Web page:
The charger – On both my and my wife’s Bands, the metal surrounding where the charger magnetically attaches becomes scratched, possibly due to the metal pins on the end of the charger itself. On mine it has never been an issue because you never see it. But for my wife it eventually caused skin irritation. This happened after only having her Band for three months. We took it in and Microsoft replaced it quickly without any questions. And despite the uncomfortable shortcoming, my wife still prefers the Band even though she has an iPhone and everything else Apple.

Microsoft Band
Microsoft Band

What is good but could be improved.
The battery – sure it doesn’t last a week like a FitBit, but its energy needs are certainly greater than a FitBit since it uses a full color touchscreen. The battery also lasts longer than an Apple Watch, and it charges very quickly. I never have to keep it attached to the charger for longer than 30 minutes as I can always just slip it off when I’m getting ready in the morning. It would be nice if it could charge wirelessly on the same Qi charging pad for a Lumia, circumventing the contact problem described above.

The look – While I don’t find the overall aesthetic (at least how it looks out of the box before wear and tear) unattractive, it certainly doesn’t make a stunning first impression. One critique I’ve heard from reviewers that it resembles a prison bracelet. Definitely improving the rubber exterior, maybe giving some personalization options with colors, could change that. The greatest way to combat the ‘prison bracelet’ appearance though is to slim it down to be more in line with the standard for wearables size.

The screen – One slight detraction from the look of it too is that the screen’s prominent size does give the Band one odd flat side while the rest is curved. A curved screen could significantly reduce that look and give it less of a bulky profile. The pitfall of this design decision though is if a curved display pushes the price point above $199. If it did, then the Band could really be put into in a whole new category of direct competition with premium smartwatches like the Apple Watch and Android devices, and not just fitness trackers.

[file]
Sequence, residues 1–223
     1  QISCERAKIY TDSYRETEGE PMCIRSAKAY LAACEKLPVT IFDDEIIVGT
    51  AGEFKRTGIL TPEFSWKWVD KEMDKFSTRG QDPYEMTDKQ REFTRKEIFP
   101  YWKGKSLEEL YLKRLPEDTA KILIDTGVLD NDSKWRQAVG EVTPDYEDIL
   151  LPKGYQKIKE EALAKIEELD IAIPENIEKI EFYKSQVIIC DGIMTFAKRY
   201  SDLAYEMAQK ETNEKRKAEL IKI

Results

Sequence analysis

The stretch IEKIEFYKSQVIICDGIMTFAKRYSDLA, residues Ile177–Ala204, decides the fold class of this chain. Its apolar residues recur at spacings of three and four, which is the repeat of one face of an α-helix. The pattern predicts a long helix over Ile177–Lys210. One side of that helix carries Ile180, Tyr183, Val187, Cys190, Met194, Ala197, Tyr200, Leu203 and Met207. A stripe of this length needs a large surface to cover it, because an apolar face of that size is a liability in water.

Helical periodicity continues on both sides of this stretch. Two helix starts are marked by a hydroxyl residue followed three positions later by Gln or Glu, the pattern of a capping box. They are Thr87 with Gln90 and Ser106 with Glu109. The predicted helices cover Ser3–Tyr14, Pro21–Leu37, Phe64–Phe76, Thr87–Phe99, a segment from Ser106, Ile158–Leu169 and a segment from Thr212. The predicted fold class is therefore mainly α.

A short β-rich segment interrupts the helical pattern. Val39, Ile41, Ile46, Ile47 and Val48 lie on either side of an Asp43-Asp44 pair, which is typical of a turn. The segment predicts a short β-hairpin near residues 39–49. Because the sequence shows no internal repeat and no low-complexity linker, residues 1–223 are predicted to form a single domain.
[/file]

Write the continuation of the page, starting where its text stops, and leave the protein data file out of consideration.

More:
More Windows Phone (Windows 10 Mobile) integration – The firmware has proven to be extremely functional for such a small display both with native apps that come installed and third party apps thanks to Microsoft providing a SDK for the Band on all platforms. But there is still a little room for some improvement. It would be nice if I could control Groove Music through the Band and see other more native Windows Phone/Windows 10 Mobile integrations.

From a philosophical point of view of the new One Microsoft, it seems like a no-brainer to put Windows 10 IoT Core, or some customized version of Windows 10 into the firmware so there is more integration. But the demand on resources might be too much for such a small device so I don’t have my hopes up for a version of Windows 10 on the Band 2. It just would be nice if there is a clearer path and tighter integration into Windows 10 Mobile.


After selling out multiple times within hours of being available, the concept of the Band is proven. It may have been a proof of concept for Microsoft’s Health platform and sensors, but it turned out to be proof of the concept that Microsoft can make a smart wearable.  The Microsoft Band is differentiated enough from the competition, fun to use, and easy to use regardless of what brand phone you pair it with.

If Microsoft is going to commit to the future of this line of product though, the next version needs to be a full fledge consumer product, not just an experimental device. It needs a little more style, a little more personalization, and more durable components. It is an activity tracker, so the consumer shouldn’t have to worry about what activity could do to wear and tear after a few months of use. With attention to these points, combined with the already impressive functionality of the device and the quality of the sensors, the sequel to the Microsoft Band could stand out in an increasingly crowded marketplace of wearables.

What do you like about the current Microsoft Band? What do you think could be improved? What new features do you hope come to the next version of the Band? Let us know in the comments section below.